Toothbrush Hygiene

Your toothbrush is loaded with germs, one uncovered toothbrush can harbor more than 100 million bacteria, including E. coli bacteria, which can cause diarrhea, and staphylococci bacteria. In fact, plaque—the stuff you’re removing from your teeth—is bacteria, so you’re actually putting bacteria on your toothbrush every time you brush your teeth.

When was the last time you stopped to think about the germs lingering in your bathroom and landing on your toothbrush? We’re not just talking about germs from a cold, we’re talking about the germs, bacteria and particles floating around your bathroom like the ones coming from your toilet or the mold in your shower.

Are you grossed out yet? You should be! Thankfully there are ways to minimize your exposure to unwanted particles on your toothbrush. First off, make sure to cap your toothpaste, not your toothbrush. Covering the brush can trap moisture and encourage bacteria growth, so it’s important to let it dry out every time you brush your teeth. But, do cap your toothpaste, so nothing else gets into the tube.

Most bathrooms are small. And in many homes, the toilet is pretty close to the bathroom sink where you keep your toothbrush. With every toilet flush there’s a spray of bacteria in the air. And, you don’t want the toilet spray anywhere near your open toothbrush. The airborne particles from flushing your toilet can travel up to 6 feet, so do not brush within 6 feet of a toilet. Instead try moving your toothbrush to the opposite side of the bathroom to minimize the risk to your toothbrush and your mouth!  If you have questions about brushing your teeth or oral hygiene give Austin family dentist a call today!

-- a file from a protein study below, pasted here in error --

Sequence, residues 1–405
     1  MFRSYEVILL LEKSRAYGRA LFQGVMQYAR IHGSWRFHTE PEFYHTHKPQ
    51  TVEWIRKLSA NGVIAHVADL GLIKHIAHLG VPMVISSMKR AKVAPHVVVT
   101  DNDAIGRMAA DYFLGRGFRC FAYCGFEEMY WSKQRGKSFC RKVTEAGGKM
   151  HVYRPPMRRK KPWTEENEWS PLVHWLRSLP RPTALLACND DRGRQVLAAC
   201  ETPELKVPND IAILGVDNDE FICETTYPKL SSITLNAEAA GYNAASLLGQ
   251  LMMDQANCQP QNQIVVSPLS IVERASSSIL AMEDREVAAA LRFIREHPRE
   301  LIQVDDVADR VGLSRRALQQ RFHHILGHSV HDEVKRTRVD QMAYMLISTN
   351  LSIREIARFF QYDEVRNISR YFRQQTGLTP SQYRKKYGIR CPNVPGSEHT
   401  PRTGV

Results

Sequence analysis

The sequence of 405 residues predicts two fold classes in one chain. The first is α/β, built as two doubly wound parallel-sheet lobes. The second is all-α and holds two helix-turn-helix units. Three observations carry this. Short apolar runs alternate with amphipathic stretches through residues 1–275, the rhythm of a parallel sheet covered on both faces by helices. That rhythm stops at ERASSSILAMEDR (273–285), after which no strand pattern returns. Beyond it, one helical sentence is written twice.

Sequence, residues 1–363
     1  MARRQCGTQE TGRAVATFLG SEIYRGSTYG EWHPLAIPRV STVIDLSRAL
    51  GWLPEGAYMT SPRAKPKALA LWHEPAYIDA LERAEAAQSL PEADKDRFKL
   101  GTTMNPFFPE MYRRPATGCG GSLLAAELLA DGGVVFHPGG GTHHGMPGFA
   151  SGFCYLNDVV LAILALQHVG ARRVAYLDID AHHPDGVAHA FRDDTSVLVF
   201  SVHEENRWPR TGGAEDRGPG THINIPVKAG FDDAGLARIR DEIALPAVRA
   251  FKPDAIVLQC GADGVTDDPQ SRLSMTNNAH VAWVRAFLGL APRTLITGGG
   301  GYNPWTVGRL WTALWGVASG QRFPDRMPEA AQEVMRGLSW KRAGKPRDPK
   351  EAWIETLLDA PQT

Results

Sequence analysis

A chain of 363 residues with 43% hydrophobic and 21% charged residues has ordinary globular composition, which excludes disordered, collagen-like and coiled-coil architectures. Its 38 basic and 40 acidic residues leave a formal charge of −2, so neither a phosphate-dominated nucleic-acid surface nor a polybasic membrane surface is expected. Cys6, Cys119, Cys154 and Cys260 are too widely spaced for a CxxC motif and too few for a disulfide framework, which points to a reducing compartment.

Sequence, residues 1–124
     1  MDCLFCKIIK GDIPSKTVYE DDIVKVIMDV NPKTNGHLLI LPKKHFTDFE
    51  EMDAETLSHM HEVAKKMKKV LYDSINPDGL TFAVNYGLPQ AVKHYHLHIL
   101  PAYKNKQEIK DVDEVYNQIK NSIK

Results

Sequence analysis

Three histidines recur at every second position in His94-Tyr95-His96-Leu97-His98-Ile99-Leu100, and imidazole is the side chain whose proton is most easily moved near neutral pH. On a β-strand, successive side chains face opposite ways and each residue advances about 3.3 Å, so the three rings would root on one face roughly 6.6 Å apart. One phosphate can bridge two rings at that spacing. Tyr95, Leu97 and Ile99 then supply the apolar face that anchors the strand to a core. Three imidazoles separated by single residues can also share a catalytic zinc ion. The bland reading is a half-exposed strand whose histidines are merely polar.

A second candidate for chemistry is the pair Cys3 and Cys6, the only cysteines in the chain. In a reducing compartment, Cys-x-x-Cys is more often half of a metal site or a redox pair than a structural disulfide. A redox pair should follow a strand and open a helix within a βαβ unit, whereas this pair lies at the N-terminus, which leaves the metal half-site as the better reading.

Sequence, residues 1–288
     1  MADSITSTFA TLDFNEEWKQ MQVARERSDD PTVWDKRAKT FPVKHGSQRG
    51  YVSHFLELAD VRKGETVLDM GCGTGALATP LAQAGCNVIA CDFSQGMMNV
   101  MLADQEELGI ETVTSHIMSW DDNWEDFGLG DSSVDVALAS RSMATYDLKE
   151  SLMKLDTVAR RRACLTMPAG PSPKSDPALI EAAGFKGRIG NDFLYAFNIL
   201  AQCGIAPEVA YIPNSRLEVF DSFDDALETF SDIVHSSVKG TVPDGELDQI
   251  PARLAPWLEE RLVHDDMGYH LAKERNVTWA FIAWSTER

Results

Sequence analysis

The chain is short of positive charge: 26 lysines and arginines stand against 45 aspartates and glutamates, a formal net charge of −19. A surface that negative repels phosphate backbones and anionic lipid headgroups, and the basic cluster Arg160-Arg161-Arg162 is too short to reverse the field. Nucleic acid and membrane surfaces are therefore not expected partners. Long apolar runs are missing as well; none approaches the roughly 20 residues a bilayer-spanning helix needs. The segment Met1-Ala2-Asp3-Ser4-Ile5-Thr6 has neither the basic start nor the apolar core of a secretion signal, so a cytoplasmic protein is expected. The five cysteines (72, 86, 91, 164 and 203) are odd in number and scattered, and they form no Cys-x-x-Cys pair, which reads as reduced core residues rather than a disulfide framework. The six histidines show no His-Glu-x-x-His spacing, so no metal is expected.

Once you’ve moved your toothbrush away from the toilet, here are a few other storage tips to keep your brush as germ-free as possible:

Wash off your toothbrush thoroughly with tap water every time you use it.


Make sure your brush has a chance to dry thoroughly between brushings. Avoid using toothbrush covers, which can create a moist enclosed breeding ground for bacteria.


Store your toothbrush upright in a holder, rather than lying it down.


No matter how close you are to your sister, brother, spouse, or roommate, don’t ever use their toothbrush. Don’t even store your toothbrush side-by-side in the same cup with other people’s brushes. Whenever toothbrushes touch, they swap germs.

The best way to limit the bacteria on your toothbrush is to replace it on a regular basis. The American Dental Association recommends throwing out your toothbrush every three to four months. If the bristles become frayed, you’re sick, or you have a weak immune system, throw it out even more often. If you use an electric toothbrush, throw out the head as often as you’d discard a disposable toothbrush.

Every time you’re tempted to skip brushing and flossing your teeth, remember how many bacteria lurk in your mouth—and what they can do. Make sure you’re brushing and flossing as often as possible to eliminate bacteria and take care of that toothbrush, so it can take care of your smile!

For more on toothbrush hygiene, give us a call!